CAAF decided the Air Force case of United States v. Cimball Sharpton, No. 14-0158/AF, 73 M.J. 299 (CAAFlog case page) (link to slip op.) Friday, June 13, 2014. The court affirms the published opinion of the Air Force CCA that found Appellant’s conviction of larceny from the Air Force, by misusing her Government Purchase Card (GPC) to purchase various items for personal use, to be legally sufficient, and rejects Appellant’s argument that that the victim of the larceny was not the Air Force but was some other party (either the bank or the merchants).
Chief Judge Baker writes for a unanimous court.
Appellant was convicted, contrary to her pleas of not guilty, of multiple offenses including larceny from the United States Air Force by misusing her Government Purchase Card (GPC) to purchase various items for personal use. A GPC is basically a credit card billed directly to the taxpayers. Despite the not guilty pleas, Appellant did not contest the fact of her misuse of the card (she actually tried to enter a conditional plea of guilty). However, on appeal Appellant asserted that the victim of the larceny was not the Air Force, but was some other party (either the bank or the merchants). The Air Force CCA rejected this assertion in a published opinion, deciding that:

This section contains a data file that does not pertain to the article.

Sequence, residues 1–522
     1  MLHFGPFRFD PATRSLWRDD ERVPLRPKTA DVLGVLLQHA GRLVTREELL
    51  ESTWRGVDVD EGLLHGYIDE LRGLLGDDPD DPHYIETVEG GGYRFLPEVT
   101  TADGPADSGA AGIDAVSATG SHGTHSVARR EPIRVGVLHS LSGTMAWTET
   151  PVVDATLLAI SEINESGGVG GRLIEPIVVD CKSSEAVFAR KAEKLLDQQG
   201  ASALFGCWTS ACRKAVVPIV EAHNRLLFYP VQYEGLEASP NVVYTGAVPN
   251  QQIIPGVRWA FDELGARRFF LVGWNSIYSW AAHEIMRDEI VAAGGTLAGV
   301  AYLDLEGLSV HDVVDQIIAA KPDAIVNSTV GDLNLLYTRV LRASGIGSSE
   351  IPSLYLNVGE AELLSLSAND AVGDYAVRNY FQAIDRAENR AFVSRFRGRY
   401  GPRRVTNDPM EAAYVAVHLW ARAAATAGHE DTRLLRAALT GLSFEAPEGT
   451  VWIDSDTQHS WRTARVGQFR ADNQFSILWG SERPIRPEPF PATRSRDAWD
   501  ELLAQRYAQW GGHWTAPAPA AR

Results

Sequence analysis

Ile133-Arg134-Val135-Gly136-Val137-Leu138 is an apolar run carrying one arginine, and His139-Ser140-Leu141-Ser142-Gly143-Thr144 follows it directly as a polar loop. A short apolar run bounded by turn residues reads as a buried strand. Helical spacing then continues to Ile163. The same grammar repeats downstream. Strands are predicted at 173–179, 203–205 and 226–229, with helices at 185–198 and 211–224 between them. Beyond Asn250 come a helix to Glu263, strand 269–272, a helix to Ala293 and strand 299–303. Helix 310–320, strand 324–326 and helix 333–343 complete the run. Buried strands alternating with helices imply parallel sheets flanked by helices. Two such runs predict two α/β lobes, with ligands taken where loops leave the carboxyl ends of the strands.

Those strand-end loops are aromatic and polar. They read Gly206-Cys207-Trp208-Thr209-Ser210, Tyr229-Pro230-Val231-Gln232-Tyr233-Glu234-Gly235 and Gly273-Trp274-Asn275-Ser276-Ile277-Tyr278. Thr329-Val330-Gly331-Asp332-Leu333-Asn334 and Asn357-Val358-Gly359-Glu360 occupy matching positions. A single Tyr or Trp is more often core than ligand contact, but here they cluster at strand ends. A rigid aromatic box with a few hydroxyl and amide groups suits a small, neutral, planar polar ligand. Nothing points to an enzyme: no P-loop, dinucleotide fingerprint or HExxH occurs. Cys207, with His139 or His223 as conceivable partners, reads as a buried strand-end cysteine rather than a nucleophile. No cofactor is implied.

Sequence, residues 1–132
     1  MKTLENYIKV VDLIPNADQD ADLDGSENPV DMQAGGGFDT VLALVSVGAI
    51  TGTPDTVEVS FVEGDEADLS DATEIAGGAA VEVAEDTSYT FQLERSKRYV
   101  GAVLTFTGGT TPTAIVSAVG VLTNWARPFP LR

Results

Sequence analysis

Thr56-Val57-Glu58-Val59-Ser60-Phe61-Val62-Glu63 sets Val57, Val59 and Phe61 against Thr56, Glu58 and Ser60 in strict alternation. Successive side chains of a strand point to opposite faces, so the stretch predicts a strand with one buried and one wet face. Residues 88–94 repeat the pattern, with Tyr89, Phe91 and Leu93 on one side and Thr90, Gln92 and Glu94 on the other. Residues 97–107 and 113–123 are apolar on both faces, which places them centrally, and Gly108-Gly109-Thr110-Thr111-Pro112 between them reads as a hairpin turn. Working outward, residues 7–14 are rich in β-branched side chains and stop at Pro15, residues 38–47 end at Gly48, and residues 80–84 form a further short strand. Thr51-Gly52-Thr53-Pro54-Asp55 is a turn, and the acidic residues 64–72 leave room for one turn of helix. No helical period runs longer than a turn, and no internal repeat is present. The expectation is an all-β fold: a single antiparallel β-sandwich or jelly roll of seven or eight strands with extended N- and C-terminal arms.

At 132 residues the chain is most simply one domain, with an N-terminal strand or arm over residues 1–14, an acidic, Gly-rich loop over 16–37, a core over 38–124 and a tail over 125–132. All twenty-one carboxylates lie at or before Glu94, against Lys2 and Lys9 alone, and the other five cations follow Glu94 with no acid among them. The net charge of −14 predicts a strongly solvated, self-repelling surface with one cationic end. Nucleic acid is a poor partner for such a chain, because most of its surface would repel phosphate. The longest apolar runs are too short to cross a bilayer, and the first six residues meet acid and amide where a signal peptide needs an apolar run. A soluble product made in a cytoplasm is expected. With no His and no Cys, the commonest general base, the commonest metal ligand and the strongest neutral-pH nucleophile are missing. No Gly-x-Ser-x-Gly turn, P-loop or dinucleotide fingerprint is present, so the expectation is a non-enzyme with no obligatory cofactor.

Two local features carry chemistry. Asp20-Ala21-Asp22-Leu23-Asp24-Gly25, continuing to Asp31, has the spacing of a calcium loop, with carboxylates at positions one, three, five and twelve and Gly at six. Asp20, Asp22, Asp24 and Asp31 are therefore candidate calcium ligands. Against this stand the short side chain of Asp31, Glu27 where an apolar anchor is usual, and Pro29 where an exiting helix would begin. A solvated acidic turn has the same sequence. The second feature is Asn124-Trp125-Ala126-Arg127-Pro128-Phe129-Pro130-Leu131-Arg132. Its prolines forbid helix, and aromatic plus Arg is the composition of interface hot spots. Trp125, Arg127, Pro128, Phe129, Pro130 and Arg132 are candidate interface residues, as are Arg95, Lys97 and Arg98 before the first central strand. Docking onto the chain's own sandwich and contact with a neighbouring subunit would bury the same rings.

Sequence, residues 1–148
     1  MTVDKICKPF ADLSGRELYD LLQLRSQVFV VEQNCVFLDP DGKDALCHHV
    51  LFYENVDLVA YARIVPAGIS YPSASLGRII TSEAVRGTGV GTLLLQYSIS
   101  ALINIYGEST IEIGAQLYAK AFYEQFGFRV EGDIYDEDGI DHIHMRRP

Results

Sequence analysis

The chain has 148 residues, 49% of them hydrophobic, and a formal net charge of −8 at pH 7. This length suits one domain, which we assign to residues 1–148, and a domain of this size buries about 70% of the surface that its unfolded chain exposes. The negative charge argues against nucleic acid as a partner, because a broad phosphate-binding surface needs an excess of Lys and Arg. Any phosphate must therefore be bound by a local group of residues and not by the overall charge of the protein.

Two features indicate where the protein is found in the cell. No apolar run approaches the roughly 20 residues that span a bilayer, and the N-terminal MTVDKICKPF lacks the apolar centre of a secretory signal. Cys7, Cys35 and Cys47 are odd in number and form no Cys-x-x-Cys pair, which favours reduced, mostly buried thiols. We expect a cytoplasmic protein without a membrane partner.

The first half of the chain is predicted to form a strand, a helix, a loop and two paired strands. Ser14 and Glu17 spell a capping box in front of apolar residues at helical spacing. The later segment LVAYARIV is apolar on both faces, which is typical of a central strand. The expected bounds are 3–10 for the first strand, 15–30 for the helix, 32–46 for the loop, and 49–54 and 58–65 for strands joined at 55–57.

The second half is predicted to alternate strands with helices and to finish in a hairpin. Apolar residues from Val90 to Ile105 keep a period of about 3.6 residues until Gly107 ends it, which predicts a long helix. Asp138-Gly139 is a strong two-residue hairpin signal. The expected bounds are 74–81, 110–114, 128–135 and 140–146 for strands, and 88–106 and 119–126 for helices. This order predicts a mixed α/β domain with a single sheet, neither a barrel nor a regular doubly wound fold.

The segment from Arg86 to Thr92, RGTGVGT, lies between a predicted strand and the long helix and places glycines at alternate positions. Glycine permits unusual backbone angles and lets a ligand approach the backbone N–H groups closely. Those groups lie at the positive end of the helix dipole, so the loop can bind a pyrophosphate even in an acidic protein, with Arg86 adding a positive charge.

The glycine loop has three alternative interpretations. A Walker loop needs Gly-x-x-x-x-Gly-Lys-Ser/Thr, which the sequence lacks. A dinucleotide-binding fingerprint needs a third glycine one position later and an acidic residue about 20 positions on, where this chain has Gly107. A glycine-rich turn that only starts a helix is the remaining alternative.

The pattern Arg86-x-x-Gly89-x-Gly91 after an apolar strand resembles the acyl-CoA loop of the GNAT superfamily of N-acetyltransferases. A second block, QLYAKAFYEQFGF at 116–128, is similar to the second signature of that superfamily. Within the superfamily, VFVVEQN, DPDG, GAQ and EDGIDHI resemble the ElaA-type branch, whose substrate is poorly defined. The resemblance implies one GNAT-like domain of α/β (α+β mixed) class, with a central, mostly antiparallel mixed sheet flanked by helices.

[T]he Government appointed the appellant as its representative to obligate Government funds through GPC purchases. US Bank, in turn, issued a GPC in the appellant’s name. The appellant did not steal the card from someone else and pretend to be a different person. Rather, she exceeded the scope of her agreement with the Government by using a card issued in her name to expend credit on unauthorized, personal purchases.
United States v. Cimball Sharpton, 72 M.J. 777, __, slip op. at 4-5 (A.F.Ct.Crim.App. 2013). CAAF then granted review of a single issue:
Whether the Air Force court abused its discretion in finding the evidence legally sufficient to support a conviction for larceny from the Air Force.
Chief Judge Baker’s opinion has the bottom line up front: “In this case, as in United States v. Lubasky, the victim of the larceny is the person or entity suffering the financial loss or deprived of the use or benefit of the property at issue. 68 M.J. 260, 263-64 (C.A.A.F. 2010).” Slip op. at 2. The entire opinion is only nine pages long, and the most substantive discussion is found in just four paragraphs: